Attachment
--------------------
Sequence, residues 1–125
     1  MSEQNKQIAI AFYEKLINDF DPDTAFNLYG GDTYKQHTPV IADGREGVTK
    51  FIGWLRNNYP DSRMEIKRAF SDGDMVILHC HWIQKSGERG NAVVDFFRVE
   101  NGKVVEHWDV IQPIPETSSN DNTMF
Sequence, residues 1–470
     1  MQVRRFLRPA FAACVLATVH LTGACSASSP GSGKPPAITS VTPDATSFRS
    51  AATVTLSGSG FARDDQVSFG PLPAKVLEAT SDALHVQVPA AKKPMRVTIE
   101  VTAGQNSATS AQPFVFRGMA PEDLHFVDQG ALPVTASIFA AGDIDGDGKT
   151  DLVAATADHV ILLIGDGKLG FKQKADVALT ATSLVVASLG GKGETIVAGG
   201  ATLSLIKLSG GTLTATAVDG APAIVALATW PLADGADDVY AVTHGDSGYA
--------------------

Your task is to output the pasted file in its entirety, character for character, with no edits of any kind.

Sequence, residues 1–125
     1  MSEQNKQIAI AFYEKLINDF DPDTAFNLYG GDTYKQHTPV IADGREGVTK
    51  FIGWLRNNYP DSRMEIKRAF SDGDMVILHC HWIQKSGERG NAVVDFFRVE
   101  NGKVVEHWDV IQPIPETSSN DNTMF
Sequence, residues 1–470
     1  MQVRRFLRPA FAACVLATVH LTGACSASSP GSGKPPAITS VTPDATSFRS
    51  AATVTLSGSG FARDDQVSFG PLPAKVLEAT SDALHVQVPA AKKPMRVTIE
   101  VTAGQNSATS AQPFVFRGMA PEDLHFVDQG ALPVTASIFA AGDIDGDGKT
   151  DLVAATADHV ILLIGDGKLG FKQKADVALT ATSLVVASLG GKGETIVAGG
   201  ATLSLIKLSG GTLTATAVDG APAIVALATW PLADGADDVY AVTHGDSGYA